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Letter from Parliament - Tony Lloyd MP

Date published: 29 September 2017

This week I have been at the Labour Party conference in Brighton.

I listened intently to Jeremy Corbyn’s speech, which was about why politics matters and how it is not all despair. He gave a strong message as to why a Labour government would be very different to the soulless Tory government we have now. What came across was a strong sense of Labour's purpose for our country.

John McDonnell’s speech provided a solid based on how Labour can manage the economy - by putting more of the burden on people with the strongest financial shoulders, and make sure we can fund things we need to do for people across Rochdale and Britain.

As Shadow Housing Minister, I spoke at some important meetings about the future of Labour’s housing policy.

Like Jeremy and John, who both had a similar message, I reiterated that we need to commit to a massive increase in the number of houses being built if we are to begin to tackle the current housing crisis.

My central theme for Rochdale was not just needing more houses being built, but more houses that are affordable.

I listened to a TUC speaker explain about the TUC campaign 'Dying to work', which helps those diagnosed with terminal illnesses. Some have been treated very badly and have been sacked under ridiculous circumstances. The campaign aims to help give the terminally ill the employment protection they should have.

Did you know 11,000 people in Rochdale have hip or knee arthritis? This is a huge number, and hence I agreed with the speaker from Arthritis Research UK, it is a really important issue for us to take on board. Arthritis Research UK helps people live a better quality life.

An interesting talk from the People’s History Museum in Manchester told the stories of ordinary people from our background, how they grew and lived. I support what they are doing.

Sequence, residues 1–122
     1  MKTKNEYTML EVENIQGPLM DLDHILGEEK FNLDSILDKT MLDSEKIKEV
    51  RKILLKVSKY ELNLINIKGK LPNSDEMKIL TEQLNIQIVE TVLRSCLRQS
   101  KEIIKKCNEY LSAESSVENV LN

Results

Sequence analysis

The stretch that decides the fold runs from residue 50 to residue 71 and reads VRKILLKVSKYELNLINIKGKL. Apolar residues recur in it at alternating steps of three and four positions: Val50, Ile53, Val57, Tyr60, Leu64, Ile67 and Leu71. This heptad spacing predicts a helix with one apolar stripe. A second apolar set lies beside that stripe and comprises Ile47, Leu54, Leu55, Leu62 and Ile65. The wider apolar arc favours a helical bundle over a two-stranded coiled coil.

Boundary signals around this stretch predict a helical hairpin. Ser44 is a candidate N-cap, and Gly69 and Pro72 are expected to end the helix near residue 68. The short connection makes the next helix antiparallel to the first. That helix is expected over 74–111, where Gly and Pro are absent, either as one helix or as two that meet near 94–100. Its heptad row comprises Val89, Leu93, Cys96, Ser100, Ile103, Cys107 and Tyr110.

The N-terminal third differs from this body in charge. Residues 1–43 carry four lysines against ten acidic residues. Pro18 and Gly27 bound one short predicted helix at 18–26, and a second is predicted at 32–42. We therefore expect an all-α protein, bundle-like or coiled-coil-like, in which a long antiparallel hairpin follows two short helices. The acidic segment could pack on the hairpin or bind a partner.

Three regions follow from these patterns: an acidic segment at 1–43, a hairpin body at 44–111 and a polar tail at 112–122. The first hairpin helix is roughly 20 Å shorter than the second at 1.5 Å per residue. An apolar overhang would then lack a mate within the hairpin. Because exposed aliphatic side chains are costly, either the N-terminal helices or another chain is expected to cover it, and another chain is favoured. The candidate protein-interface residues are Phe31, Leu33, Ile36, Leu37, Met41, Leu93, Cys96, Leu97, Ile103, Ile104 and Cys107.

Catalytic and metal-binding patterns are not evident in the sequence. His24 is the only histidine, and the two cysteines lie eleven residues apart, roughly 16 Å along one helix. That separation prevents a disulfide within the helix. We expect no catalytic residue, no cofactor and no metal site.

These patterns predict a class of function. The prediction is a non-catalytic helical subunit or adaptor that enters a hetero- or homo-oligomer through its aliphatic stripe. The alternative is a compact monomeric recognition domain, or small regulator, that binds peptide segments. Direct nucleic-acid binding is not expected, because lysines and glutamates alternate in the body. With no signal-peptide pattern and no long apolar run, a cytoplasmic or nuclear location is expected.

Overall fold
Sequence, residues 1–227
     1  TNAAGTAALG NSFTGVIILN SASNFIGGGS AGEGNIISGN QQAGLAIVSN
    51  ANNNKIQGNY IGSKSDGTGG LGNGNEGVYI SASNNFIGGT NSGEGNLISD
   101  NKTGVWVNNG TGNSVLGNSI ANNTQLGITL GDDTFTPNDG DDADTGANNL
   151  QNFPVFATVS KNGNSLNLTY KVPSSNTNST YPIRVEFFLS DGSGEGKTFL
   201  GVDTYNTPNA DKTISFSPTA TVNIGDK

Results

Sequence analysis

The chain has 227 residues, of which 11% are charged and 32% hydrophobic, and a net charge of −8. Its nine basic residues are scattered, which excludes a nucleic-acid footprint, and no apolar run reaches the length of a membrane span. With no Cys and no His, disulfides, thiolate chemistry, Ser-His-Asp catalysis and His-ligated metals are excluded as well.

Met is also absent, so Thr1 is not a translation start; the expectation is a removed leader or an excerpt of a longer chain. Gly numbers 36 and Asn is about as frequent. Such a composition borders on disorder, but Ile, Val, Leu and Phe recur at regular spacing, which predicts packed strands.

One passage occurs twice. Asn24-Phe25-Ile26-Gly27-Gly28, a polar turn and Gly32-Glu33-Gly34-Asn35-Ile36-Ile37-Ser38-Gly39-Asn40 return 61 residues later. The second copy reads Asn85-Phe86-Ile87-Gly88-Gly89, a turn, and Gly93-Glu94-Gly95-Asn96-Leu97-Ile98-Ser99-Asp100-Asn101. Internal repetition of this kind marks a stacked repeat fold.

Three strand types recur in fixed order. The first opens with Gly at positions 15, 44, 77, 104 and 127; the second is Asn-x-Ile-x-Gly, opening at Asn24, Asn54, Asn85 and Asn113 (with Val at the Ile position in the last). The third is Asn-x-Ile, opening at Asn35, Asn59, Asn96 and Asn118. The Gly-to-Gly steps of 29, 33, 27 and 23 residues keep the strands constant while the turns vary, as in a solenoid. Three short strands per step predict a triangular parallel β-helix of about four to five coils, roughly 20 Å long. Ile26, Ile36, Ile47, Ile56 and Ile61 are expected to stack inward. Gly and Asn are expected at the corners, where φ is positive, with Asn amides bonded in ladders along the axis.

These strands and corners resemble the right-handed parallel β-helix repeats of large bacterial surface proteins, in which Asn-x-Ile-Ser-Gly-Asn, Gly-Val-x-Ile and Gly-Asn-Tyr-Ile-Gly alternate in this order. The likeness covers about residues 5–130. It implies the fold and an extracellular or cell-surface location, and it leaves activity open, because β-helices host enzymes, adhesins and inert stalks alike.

Unison’s 'scrap the cap' campaign was very well received, and got my strong support. We have got to recognise public service workers, and some in the private sector, have been held back and gone without real pay rises for years, this can not go on forever.

Often people in the hospitality industry find their tips absorbed by the company, which is not why people give tips. Hence it was good to hear more about the Unite 'Fair Tips' campaign. Unite has been exposing rip-off tipping practices in the hospitality industry for years.

Cancer research has seen amazing changes and I was very pleased to attend a presentation which explained that most women who have breast cancer now survive. However, the message that still needs putting across is we still need research for other cancers that are harder to treat and beat. Prostate cancer is one of the UK's most serious killers of men, and we need to raise awareness that if caught early lives can be saved.

The British Red Cross, though known for its international work, also does incredible work in Britain. We heard of the British Red Cross service, in partnership with the Co-op, helping people experiencing loneliness and social isolation.

A representative of Langley House Trust, which runs Tekoa House in Rochdale (I was there a couple of weeks ago), explained how it provides a safe environment for long term criminals who want to stabilise and live a crime free life.

I gave my support to the 'White Ribbon Campaign' – which sees men working to end male violence against women. The 25 November is the 'International Day for the Eradication of Violence Against Women' and people are encouraged to wear a white ribbon for one week - I urge you to join me in doing so.

With the Labour Party conference at an end, I travelled to a conference on international trade. From a Rochdale viewpoint there are a lot of companies who trade internationally, and I want to help make sure that, with Brexit looming, they are ready to move into new export markets.

In the evening, I was back in Rochdale for the Rochdale Council of Mosques annual dinner, this year in aid of the Rohingya - the people who live in fear of their lives in Burma. It was an amazing charity night with people from all backgrounds across Rochdale who volunteered and raised money to help people who live in the most appalling conditions with no sanitation, shelter or clean water. It was a very good example of the compassion in Rochdale, showing that people care.

On Saturday I will be out in Milnrow letting people know Labour is there for them and picking up on local issues.

I shall also be visting Touchstones for the 'To Walk In Your Shoes' event. Touchstones is one of Rochdale’s jewels and has lots happening. It is important to support it.

Later in the afternoon I will be attending a meeting for new Labour Party members.

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Serenity by Kim Gregory.